I have never been a fan of summer. Here in the southeast, the air is sticky, it feels like the sun is constantly hovering just above my head, within arms reach snd you can’t walk from your car to the office without at least beginning to drip with sweat. Even on cooler days, the humidity is so thick that my hair falls flat by noon and I’ve all but given up on finding the balance between being work appropriate and staying cool.
Summer 2016 wasn’t just the worst for cold-weather fans like me; it was the hottest summer on record, putting the sticky, humid, burning summers of my youth to shame. Actually, every summer for the past few years has been the hottest summer on record, until the next one came along and beat it.
NASA recently released a report showing that the first six months of 2016 each set a record as the hottest months respectively since tracking began, in 1880, with an average temperature 2.4 degrees Fahrenheit warmer than the late 19th century.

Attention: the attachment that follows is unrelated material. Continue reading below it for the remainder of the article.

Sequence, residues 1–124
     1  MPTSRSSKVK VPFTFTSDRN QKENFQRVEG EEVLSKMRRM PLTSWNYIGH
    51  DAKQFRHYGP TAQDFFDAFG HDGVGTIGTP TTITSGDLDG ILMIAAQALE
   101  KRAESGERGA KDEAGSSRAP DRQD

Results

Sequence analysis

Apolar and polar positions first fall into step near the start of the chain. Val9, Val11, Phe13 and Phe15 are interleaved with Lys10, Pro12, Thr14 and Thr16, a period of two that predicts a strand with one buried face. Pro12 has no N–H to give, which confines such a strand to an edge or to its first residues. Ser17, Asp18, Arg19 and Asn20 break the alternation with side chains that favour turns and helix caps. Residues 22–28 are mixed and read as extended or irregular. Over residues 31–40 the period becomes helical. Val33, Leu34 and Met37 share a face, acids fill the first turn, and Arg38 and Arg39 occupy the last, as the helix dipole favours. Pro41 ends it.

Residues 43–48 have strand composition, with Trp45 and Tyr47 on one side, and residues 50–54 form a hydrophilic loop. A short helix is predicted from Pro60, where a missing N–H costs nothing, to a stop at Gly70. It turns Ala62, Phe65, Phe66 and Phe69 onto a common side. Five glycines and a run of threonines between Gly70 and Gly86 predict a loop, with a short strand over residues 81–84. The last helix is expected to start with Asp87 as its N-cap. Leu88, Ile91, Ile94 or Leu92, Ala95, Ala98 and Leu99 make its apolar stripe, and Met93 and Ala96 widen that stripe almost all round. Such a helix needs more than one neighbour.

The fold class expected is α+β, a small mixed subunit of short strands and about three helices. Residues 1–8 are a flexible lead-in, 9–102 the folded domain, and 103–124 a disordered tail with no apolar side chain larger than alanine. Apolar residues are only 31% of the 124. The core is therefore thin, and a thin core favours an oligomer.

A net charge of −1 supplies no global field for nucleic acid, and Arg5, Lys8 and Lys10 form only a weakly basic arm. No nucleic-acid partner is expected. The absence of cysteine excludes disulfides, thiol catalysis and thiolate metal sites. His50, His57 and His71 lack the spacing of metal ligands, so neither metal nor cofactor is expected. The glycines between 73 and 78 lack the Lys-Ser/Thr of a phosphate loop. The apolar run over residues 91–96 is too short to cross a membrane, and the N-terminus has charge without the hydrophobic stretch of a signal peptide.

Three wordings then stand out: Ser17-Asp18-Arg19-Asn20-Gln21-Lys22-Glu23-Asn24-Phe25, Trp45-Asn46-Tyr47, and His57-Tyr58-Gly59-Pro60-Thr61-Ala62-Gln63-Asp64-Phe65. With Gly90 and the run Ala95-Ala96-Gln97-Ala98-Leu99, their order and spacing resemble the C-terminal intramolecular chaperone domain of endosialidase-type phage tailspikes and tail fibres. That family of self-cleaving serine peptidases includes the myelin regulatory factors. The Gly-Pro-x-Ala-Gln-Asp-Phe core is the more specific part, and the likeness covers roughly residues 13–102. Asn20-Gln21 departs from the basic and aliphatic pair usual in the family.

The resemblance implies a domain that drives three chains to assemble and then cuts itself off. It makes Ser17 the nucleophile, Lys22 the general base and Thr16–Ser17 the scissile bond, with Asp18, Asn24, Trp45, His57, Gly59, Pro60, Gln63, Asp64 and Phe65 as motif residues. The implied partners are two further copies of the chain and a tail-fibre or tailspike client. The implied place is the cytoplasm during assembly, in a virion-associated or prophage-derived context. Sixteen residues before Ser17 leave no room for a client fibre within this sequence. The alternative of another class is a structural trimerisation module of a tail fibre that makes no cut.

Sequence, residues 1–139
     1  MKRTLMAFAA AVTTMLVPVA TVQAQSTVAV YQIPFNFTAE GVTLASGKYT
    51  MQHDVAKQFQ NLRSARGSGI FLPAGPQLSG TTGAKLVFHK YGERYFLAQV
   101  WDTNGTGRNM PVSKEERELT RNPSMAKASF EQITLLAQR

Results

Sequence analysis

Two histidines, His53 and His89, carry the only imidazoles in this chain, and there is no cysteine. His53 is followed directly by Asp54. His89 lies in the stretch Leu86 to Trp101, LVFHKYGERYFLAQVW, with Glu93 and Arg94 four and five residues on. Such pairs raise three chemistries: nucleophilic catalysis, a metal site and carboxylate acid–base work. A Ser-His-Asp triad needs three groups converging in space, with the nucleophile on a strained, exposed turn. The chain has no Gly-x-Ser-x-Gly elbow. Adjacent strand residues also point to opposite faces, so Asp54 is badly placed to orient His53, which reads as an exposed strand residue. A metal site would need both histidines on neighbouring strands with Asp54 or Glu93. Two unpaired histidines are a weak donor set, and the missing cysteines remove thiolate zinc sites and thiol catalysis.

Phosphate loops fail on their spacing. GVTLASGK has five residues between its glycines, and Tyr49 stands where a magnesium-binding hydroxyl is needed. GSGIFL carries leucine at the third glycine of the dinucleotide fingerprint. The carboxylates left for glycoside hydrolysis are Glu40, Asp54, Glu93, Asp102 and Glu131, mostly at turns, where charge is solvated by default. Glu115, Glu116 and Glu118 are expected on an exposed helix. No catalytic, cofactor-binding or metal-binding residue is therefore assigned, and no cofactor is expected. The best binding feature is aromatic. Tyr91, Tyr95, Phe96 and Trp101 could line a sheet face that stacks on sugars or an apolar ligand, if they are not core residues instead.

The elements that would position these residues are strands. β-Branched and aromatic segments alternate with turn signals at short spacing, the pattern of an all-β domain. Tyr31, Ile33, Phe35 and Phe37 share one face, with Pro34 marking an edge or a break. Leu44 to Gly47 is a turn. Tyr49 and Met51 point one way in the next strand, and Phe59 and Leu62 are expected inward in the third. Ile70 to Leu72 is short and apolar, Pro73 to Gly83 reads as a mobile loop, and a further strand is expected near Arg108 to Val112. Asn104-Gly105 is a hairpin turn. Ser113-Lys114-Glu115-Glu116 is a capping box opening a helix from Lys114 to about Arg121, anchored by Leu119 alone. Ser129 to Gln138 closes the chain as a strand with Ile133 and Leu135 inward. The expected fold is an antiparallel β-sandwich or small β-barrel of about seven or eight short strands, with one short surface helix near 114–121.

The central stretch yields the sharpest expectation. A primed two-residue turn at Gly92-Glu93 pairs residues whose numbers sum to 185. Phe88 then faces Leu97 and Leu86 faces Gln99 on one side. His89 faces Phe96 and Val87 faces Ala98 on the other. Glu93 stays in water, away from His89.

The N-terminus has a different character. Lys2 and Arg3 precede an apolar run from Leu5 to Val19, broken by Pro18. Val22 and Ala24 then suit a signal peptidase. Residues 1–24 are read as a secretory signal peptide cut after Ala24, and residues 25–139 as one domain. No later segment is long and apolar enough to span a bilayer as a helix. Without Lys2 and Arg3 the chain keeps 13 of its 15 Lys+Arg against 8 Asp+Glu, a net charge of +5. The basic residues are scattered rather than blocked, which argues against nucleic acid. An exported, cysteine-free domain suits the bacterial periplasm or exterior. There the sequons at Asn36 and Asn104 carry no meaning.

Climate change, the idea that seemed important but far off when we were children, is creating very tangible effects not just on the polar ice caps, though that is important too, but on our daily lives too.
Now that it’s finally starting to cool off in my corner of the country, I thought it might be time to add a few books on climate change to my fall reading list.
Are you interesting in learning more about global warming? Here are three books I’ll be checking out that I think you should too:
1. This Changes Everything: Capitalism vs. Climate Change by Naomi Klein
In her fourth, a perhaps most important book, Klein argues that in order to truly address climate change, we have to make radical changes to our economic and political systems, explaining how current systems worsen the problem and interfere with attempts to slow or reverse the effects of global warming.
2. Field Notes From a Catastrophe: Men, Nature and Climate Change by Elizabeth Kolbert
Adapted from pieces originally written for the New Yorker, this takes a nonpartisan look at the causes and effects of climate change. Traveling to Alaska, Greenland and the Netherlands, where environmental effects are more apparent, Kolbert sees the effects for herself and speaks to scientists about how we got here and where we might soon be.
3. Silent Spring by Rachel Carson
A true classic. First published in 1962, Carson’s book documented the effects of pesticides on the environment and ultimately led to the banning of DDT and the creation of the EPA.